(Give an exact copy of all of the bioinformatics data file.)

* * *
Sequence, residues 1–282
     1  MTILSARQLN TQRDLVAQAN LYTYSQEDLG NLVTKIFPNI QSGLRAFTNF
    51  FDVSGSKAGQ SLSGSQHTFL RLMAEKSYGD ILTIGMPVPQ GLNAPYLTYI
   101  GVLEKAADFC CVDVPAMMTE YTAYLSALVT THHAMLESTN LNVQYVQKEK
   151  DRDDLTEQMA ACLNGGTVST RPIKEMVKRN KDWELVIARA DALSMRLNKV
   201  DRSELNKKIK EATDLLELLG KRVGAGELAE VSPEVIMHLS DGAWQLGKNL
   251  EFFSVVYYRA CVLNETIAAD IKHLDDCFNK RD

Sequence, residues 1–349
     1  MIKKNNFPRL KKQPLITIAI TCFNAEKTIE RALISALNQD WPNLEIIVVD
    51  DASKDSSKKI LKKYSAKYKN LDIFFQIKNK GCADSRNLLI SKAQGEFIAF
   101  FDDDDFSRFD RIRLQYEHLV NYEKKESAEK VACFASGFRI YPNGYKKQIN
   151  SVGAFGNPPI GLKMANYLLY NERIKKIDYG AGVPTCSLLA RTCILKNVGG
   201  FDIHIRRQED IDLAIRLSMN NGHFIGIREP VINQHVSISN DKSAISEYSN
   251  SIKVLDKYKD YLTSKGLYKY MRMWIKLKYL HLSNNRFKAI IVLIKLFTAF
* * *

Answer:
Sequence, residues 1–282
     1  MTILSARQLN TQRDLVAQAN LYTYSQEDLG NLVTKIFPNI QSGLRAFTNF
    51  FDVSGSKAGQ SLSGSQHTFL RLMAEKSYGD ILTIGMPVPQ GLNAPYLTYI
   101  GVLEKAADFC CVDVPAMMTE YTAYLSALVT THHAMLESTN LNVQYVQKEK
   151  DRDDLTEQMA ACLNGGTVST RPIKEMVKRN KDWELVIARA DALSMRLNKV
   201  DRSELNKKIK EATDLLELLG KRVGAGELAE VSPEVIMHLS DGAWQLGKNL
   251  EFFSVVYYRA CVLNETIAAD IKHLDDCFNK RD

Sequence, residues 1–349
     1  MIKKNNFPRL KKQPLITIAI TCFNAEKTIE RALISALNQD WPNLEIIVVD
    51  DASKDSSKKI LKKYSAKYKN LDIFFQIKNK GCADSRNLLI SKAQGEFIAF
   101  FDDDDFSRFD RIRLQYEHLV NYEKKESAEK VACFASGFRI YPNGYKKQIN
   151  SVGAFGNPPI GLKMANYLLY NERIKKIDYG AGVPTCSLLA RTCILKNVGG
   201  FDIHIRRQED IDLAIRLSMN NGHFIGIREP VINQHVSISN DKSAISEYSN
   251  SIKVLDKYKD YLTSKGLYKY MRMWIKLKYL HLSNNRFKAI IVLIKLFTAF